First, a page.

## Code

```
using AlgebraOfGraphics
using CairoMakie
using DataFrames # only used for `describe`
using EmbraceUncertainty: dataset
using FreqTables
using MixedModels
using MixedModelsMakie
using StatsBase
using StatsModels
```

Attach the packages to be used in this chapter

```
using AlgebraOfGraphics
using CairoMakie
using DataFrames # only used for `describe`
using EmbraceUncertainty: dataset
using FreqTables
using MixedModels
using MixedModelsMakie
using StatsBase
using StatsModels
```

and defined some constants, if not already defined.

```
@isdefined(contrasts) || const contrasts = Dict{Symbol,Any}()
@isdefined(nAGQ) || const nAGQ = 9
@isdefined(progress) || const progress = false
```

In this chapter we consider mixed-effects models for data sets in which the response is *binary*, representing yes/no or true/false or correct/incorrect responses.

Because the response must be one of only two possible values we adapt our models to predict the probability of the positive response. As for linear models and linear mixed-effects models, the mean response, \({\boldsymbol{\mu}}\), is determined by a *linear predictor*, \[
{\boldsymbol{\eta}}={\mathbf{X}}{\boldsymbol{\beta}}+{\mathbf{Z}}{\mathbf{b}}
\tag{6.1}\] depending on the fixed-effects parameters, \({\boldsymbol{\beta}}\), the random effects, \({\mathbf{b}}\), and the model matrices, \({\mathbf{X}}\) and \({\mathbf{Z}}\). For a linear model the mean response, \({\boldsymbol{\mu}}\), is equal to the linear predictor, \({\boldsymbol{\eta}}\). But for a generalized linear model \({\boldsymbol{\eta}}\) determines \({\boldsymbol{\mu}}\) according to a *link function*, \(g\). For historical reasons it is the function taking an element of \({\boldsymbol{\mu}}\) to the corresponding element of \({\boldsymbol{\eta}}\) that is called the link. The transformation in the opposite direction, from \({\boldsymbol{\eta}}\) to \({\boldsymbol{\mu}}\), is called the *inverse link*.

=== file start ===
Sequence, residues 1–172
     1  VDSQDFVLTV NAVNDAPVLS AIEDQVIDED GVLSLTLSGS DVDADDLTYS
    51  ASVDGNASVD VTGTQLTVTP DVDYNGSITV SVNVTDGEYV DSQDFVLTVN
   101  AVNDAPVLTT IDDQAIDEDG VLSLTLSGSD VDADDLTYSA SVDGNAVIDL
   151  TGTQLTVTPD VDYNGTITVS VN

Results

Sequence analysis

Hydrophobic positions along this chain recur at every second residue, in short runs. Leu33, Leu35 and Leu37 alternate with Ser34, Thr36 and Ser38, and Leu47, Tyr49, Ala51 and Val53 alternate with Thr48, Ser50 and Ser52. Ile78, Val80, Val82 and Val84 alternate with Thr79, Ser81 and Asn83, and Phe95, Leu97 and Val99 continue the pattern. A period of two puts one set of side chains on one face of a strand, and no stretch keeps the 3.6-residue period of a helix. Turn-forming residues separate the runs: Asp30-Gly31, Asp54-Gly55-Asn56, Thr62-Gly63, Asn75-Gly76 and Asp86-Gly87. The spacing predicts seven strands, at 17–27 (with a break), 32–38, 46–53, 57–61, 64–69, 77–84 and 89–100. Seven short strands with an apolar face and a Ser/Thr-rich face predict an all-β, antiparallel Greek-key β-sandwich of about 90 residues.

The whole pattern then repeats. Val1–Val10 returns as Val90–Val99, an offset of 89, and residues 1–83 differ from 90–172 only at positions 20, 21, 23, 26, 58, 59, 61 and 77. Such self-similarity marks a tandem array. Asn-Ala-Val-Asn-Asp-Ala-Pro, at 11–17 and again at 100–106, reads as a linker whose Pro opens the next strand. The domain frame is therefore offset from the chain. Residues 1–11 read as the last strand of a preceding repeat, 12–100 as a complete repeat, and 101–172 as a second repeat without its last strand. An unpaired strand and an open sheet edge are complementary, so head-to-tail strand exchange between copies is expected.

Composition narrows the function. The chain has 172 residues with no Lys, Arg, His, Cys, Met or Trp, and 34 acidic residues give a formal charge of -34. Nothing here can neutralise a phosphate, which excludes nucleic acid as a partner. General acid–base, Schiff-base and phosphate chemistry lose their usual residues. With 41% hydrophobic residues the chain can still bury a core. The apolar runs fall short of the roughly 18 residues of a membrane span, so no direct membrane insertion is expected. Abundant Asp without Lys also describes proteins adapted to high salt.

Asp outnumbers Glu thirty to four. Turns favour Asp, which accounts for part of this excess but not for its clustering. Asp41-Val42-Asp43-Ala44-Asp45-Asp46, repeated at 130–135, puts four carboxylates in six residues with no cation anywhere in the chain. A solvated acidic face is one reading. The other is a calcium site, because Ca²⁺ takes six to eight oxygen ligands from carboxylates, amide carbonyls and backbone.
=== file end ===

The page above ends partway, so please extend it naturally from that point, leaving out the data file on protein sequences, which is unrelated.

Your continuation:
As in previous chapters, we will begin with an example to help illustrate these ideas.

One of the test data sets from the Center for Multilevel Modelling, University of Bristol is derived from the 1989 Bangladesh Fertility Survey, (Huq & Cleland, 1990). The data are a subsample of 1934 women selected from 60 of the 64 political districts or *zila*, available as the `contra`

data set in the `MixedModels`

package.

`= Table(dataset(:contra)) contra `

```
Table with 5 columns and 1934 rows:
dist urban livch age use
┌────────────────────────────────
1 │ D01 Y 3+ 18.44 N
2 │ D01 Y 0 -5.56 N
3 │ D01 Y 2 1.44 N
4 │ D01 Y 3+ 8.44 N
5 │ D01 Y 0 -13.56 N
6 │ D01 Y 0 -11.56 N
7 │ D01 Y 3+ 18.44 N
8 │ D01 Y 3+ -3.56 N
9 │ D01 Y 1 -5.56 N
10 │ D01 Y 3+ 1.44 N
11 │ D01 Y 0 -11.56 Y
12 │ D01 Y 0 -2.56 N
13 │ D01 Y 1 -4.56 N
14 │ D01 Y 3+ 5.44 N
15 │ D01 Y 3+ -0.56 N
16 │ D01 Y 3+ 4.44 Y
17 │ D01 Y 0 -5.56 N
⋮ │ ⋮ ⋮ ⋮ ⋮ ⋮
```

with summary

```
let df = DataFrame(contra)
describe(df, :mean, :min, :median, :max, :nunique, :eltype)
end
```

5×7 DataFrame

Row | variable | mean | min | median | max | nunique | eltype |
---|---|---|---|---|---|---|---|

Symbol | Union… | Any | Union… | Any | Union… | DataType | |

1 | dist | D01 | D61 | 60 | String | ||

2 | urban | N | Y | 2 | String | ||

3 | livch | 0 | 3+ | 4 | String | ||